How Do I Treat a Doxycycline Rash?

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  • Written By: Susan Abe
  • Edited By: Jessica Seminara
  • Last Modified Date: 30 August 2019
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Doxycycline, a common antibiotic in the tetracycline family, is used to treat a number of bacterial infections including anthrax and as a preventative drug for malaria. Like all antibiotics, allergic reactions to members of the tetracycline family are often manifest as skin rashes, hives or welts. Specific to doxycycline, however, and apart from any allergic reaction, is the sometimes permanent photosensitivity that long-term administration of this medication can cause to those who take it. This side effect is also demonstrated through the dermis and sometimes with a rash. Thus, the first step in treating a doxycycline rash is determining whether it is an allergic reaction or a side effect of too much sun exposure.

An allergic doxycycline rash usually occurs early in the course of a given treatment, often on the second or third day of therapy, although it may clinically present itself sooner. A rash associated with doxycycline may be allergic in origin, newly arisen, even if the patient has been treated with the medication in the past and without incident. Antibiotic allergy rashes can present as scattered red pinpoints, hives, or welts. The first step in treatment is to discontinue doxycycline and call the treating physician. A second choice antibiotic will probably be prescribed in its place.


Discontinuation of the medication will not have an immediate effect on an existing allergic doxycycline rash. If possible to use, oral antihistamines may help decrease the systemic allergic reaction. Over-the-counter anti-inflammatory agents, aspirin or acetaminophen can help the swelling. If the doxycycline rash is itchy or irritating, gently bathe the area in a warm oatmeal bath and pat the area dry with a soft towel. Anti-itch ointments and lotions can also be applied to the local area to prevent scratching and subsequent skin breakdown.

Another type of doxycycline rash that may require your attention occurs secondary to sun exposure. The easiest way to deal with this rash is by prevention: use hats, visors, sun umbrellas and sunscreen liberally. In the event that you are overexposed to the sun, treat any resulting sunburn or rash with ointments and lotions to decrease the inflammation and soothe the irritated skin. The difficulty in treating this type of doxycycline rash is that you may be permanently at risk for its development as chronic use of this antibiotic can result in permanent skin photosensitivity.


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Post 6

I had the same rash and I went to a walk in clinic and they gave me a shot in my butt with prednisone, I think, and the rash was gone in two or three days. The itching stopped within an hour from the shot.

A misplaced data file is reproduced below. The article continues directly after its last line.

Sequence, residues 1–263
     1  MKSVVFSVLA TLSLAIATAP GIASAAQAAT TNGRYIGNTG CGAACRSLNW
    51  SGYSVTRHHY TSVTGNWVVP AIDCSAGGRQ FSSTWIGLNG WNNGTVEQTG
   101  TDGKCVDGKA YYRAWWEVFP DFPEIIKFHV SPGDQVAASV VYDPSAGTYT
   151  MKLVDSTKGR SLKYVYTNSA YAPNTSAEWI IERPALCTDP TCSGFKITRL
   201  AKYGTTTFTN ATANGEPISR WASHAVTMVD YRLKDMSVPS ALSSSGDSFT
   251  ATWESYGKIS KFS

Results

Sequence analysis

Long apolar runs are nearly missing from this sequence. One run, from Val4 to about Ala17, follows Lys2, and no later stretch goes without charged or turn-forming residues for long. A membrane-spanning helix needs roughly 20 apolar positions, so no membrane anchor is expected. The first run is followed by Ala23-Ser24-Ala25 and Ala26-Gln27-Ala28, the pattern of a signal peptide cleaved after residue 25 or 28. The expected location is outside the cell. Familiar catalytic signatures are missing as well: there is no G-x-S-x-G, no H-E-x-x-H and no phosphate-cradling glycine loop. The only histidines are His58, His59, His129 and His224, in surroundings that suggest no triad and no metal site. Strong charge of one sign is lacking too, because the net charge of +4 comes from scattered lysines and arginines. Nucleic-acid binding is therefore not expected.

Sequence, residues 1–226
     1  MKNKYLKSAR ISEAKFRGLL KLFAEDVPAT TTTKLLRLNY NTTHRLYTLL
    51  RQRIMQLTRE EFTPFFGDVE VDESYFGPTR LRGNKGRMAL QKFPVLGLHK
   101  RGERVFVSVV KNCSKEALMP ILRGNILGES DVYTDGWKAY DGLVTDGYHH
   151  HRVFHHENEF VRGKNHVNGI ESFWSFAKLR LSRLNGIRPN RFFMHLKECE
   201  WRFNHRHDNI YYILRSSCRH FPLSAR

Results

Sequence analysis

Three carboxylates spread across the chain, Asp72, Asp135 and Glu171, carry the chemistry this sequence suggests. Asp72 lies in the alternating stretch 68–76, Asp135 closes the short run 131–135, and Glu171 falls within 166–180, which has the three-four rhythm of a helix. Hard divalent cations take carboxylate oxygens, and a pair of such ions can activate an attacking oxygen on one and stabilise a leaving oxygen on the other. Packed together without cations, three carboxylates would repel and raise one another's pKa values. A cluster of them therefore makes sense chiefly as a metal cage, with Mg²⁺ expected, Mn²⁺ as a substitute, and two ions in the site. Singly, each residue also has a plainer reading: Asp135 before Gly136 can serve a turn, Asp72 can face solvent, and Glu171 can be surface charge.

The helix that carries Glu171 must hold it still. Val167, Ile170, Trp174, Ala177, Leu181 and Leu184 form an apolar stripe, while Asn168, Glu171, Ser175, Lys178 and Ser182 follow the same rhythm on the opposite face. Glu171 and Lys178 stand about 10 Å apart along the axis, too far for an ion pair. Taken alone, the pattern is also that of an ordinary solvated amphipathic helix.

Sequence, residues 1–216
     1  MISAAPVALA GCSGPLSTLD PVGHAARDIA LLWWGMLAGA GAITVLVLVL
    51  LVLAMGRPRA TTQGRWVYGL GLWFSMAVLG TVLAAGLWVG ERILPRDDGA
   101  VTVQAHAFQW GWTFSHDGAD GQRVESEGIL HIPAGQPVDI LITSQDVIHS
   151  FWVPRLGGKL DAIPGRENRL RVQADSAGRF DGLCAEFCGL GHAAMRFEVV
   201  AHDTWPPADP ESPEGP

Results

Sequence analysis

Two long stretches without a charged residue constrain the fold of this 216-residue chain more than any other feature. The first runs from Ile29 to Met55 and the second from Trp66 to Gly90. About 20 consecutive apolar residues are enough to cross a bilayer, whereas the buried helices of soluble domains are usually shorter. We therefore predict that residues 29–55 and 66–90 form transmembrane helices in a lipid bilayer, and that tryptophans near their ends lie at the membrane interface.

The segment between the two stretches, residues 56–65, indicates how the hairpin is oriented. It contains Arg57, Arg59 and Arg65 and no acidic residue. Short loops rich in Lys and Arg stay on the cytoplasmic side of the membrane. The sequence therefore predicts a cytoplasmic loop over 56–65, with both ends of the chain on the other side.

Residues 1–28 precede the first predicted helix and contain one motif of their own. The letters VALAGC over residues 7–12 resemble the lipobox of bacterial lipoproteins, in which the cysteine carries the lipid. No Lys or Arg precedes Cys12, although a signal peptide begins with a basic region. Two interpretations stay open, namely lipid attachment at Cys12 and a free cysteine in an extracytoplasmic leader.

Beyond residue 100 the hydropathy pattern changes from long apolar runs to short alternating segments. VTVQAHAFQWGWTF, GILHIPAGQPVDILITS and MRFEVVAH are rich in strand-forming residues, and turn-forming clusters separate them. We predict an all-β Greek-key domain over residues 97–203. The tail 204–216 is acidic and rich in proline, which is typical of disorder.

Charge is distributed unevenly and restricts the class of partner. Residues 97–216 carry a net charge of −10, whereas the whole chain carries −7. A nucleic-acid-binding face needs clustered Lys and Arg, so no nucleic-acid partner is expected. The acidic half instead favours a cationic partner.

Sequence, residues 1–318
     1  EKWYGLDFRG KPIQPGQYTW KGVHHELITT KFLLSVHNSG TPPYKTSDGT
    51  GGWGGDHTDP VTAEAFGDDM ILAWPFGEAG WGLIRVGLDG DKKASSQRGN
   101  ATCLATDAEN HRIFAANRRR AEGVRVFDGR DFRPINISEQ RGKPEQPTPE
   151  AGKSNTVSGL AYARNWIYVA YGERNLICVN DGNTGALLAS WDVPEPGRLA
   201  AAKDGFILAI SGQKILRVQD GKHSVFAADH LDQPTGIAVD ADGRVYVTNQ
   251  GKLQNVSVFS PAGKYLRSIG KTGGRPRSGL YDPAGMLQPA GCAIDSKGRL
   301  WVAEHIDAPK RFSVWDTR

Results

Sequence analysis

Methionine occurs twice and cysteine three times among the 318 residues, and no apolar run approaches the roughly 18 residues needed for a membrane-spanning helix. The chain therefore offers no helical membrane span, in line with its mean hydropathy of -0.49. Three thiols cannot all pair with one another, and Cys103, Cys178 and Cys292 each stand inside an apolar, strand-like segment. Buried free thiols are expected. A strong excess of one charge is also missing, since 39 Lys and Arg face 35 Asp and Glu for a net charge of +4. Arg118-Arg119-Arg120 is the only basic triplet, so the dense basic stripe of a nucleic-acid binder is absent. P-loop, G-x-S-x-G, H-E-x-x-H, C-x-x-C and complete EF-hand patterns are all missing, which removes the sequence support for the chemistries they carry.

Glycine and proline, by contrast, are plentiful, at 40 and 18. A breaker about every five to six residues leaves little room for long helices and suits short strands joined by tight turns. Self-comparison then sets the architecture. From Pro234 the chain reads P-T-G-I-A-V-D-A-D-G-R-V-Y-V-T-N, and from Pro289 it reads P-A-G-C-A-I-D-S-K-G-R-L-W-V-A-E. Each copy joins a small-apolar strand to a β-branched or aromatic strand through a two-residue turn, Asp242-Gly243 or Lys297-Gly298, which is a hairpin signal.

Post 5

I've been on these for five days and this rash has spread from my armpits, down my arms to my hands. It is also around my groin area now and is also on my abdomen. I only need to take them for a couple of days more so I might ride it out.

Good emollient cream seems to take away most of the itching. It just looks unsightly!

Post 4

Can I take an antihistamine while taking doxycycline? I have peri oral dermatitis and am having an itchy flare up.

Post 3

@fify-- Also, stay out of sunlight and wear long clothing. I thought that I had a regular allergic rash from doxycycline but it turned out to be a sun rash. Doxycycline makes skin so sensitive to sunlight that even a little exposure can cause a sun rash with red spots, weird discoloration and even sores.

I though that I would be fine as long as I had sunblock on but that is not the case. Long clothes and a large hat are a must when going outside. Even then, stay in the shade!

The rash goes away on its own as long as you avoid the sun. Pure aloe vera gel is helpful.

Post 2

@fify-- Is your course of doxycycline over or are you still on it? If you're still on it, then you need to see a doctor so that the doctor can decide whether to continue treatment with it or not. If the rash is not severe, then he will probably have you finish it. But if the rash is bad and getting worse or if you have other symptoms like trouble breathing, you have to quit the medication and go to the hospital right away. Allergic reactions are nothing to mess with, they can be dangerous.

If your treatment is over and if the rash is not getting worse, go ahead and pick up an over the counter steroid cream like a corticosteroid cream. You might also want to take a tablet medication for allergies. Ask the pharmacist for a recommendation.

Post 1

I've developed a mild rash from doxycycline. I don't think that it's serious enough to see a doctor about. I just have hives on my legs and chest, along with redness. Will an over the counter steroid cream from the pharmacy be enough to treat it?

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